About the Entity Framework
The implementation of
DbSet<> causes the data context to load the database record only once during the
Controller life cycle. Therefore, the performance difference between the system written with pure SQL for the system in Entity Framework becomes negligible if the database is normalized correctly (that is, with unique primary keys and avoiding unnecessary relationships such as tables that are updated from once in never, and can be replaced with
Enums ). Because it is very simple, it is ideal for the beginning of development of a system. The disadvantage is the lack of support for other banks, such as Oracle, for example.
It is a solution older than the Entity Framework, which came from Java when ORM started. It has more configuration options and works better with databases other than SQL Server. However, the approach to Code First is still a bit too prolix, which makes it slower than the Entity Framework to start a project in terms of productivity, being more recommended for large projects that are already implemented and work with large masses of data, which requires fine tuning of the settings.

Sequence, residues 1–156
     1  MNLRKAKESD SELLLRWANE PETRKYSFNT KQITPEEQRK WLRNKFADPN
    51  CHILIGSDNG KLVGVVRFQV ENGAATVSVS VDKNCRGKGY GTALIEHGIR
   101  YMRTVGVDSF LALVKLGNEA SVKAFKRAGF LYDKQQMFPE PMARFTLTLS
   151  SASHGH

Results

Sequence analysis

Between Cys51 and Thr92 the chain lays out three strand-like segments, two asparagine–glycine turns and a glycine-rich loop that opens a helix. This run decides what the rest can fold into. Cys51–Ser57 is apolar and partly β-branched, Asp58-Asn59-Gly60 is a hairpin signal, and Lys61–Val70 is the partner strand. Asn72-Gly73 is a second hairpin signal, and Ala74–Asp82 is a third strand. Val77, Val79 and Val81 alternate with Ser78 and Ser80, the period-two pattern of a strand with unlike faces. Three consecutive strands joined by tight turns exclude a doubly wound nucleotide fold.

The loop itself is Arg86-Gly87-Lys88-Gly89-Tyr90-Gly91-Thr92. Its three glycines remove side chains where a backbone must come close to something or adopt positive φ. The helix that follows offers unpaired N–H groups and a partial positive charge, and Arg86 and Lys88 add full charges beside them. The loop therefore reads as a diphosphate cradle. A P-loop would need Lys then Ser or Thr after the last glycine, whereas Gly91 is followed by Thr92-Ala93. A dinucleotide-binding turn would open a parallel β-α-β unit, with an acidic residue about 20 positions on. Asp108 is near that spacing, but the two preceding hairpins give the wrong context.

To what extent is it not advisable to use an ORM?
This part is somewhat opinion-based, but initially I would say there are no restrictions, since ORM frameworks enable pure SQL execution in stages where there are performance bottlenecks. Therefore, neither productivity nor performance is compromised.
Oracle developed your data provider with the Entity Framework , finally. With this, the connectivity problem between Oracle and Entity Framework is over.
A tutorial was also written by the Oracle team to address any questions that might arise in the integration.